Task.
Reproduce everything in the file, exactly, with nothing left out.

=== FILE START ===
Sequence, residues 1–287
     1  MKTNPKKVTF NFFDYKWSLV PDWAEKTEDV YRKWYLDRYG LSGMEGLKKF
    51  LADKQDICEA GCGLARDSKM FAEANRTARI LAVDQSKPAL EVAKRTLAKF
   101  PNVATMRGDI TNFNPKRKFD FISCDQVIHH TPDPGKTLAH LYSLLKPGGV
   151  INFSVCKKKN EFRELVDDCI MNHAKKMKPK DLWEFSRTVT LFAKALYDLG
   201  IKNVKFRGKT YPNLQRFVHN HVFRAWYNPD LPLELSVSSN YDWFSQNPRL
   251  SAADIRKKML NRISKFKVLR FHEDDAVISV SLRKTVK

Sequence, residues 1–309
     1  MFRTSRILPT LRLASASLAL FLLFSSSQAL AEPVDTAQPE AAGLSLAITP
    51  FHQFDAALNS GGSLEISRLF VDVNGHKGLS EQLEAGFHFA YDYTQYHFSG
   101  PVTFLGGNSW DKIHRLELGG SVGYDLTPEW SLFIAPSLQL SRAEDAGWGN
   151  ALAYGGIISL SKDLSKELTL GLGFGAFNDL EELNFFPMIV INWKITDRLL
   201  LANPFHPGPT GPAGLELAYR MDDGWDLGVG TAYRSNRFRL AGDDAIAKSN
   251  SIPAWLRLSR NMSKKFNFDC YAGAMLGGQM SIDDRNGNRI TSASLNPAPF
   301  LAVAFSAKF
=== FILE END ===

Sequence, residues 1–287
     1  MKTNPKKVTF NFFDYKWSLV PDWAEKTEDV YRKWYLDRYG LSGMEGLKKF
    51  LADKQDICEA GCGLARDSKM FAEANRTARI LAVDQSKPAL EVAKRTLAKF
   101  PNVATMRGDI TNFNPKRKFD FISCDQVIHH TPDPGKTLAH LYSLLKPGGV
   151  INFSVCKKKN EFRELVDDCI MNHAKKMKPK DLWEFSRTVT LFAKALYDLG
   201  IKNVKFRGKT YPNLQRFVHN HVFRAWYNPD LPLELSVSSN YDWFSQNPRL
   251  SAADIRKKML NRISKFKVLR FHEDDAVISV SLRKTVK

Sequence, residues 1–309
     1  MFRTSRILPT LRLASASLAL FLLFSSSQAL AEPVDTAQPE AAGLSLAITP
    51  FHQFDAALNS GGSLEISRLF VDVNGHKGLS EQLEAGFHFA YDYTQYHFSG
   101  PVTFLGGNSW DKIHRLELGG SVGYDLTPEW SLFIAPSLQL SRAEDAGWGN
   151  ALAYGGIISL SKDLSKELTL GLGFGAFNDL EELNFFPMIV INWKITDRLL
   201  LANPFHPGPT GPAGLELAYR MDDGWDLGVG TAYRSNRFRL AGDDAIAKSN
   251  SIPAWLRLSR NMSKKFNFDC YAGAMLGGQM SIDDRNGNRI TSASLNPAPF
   301  LAVAFSAKF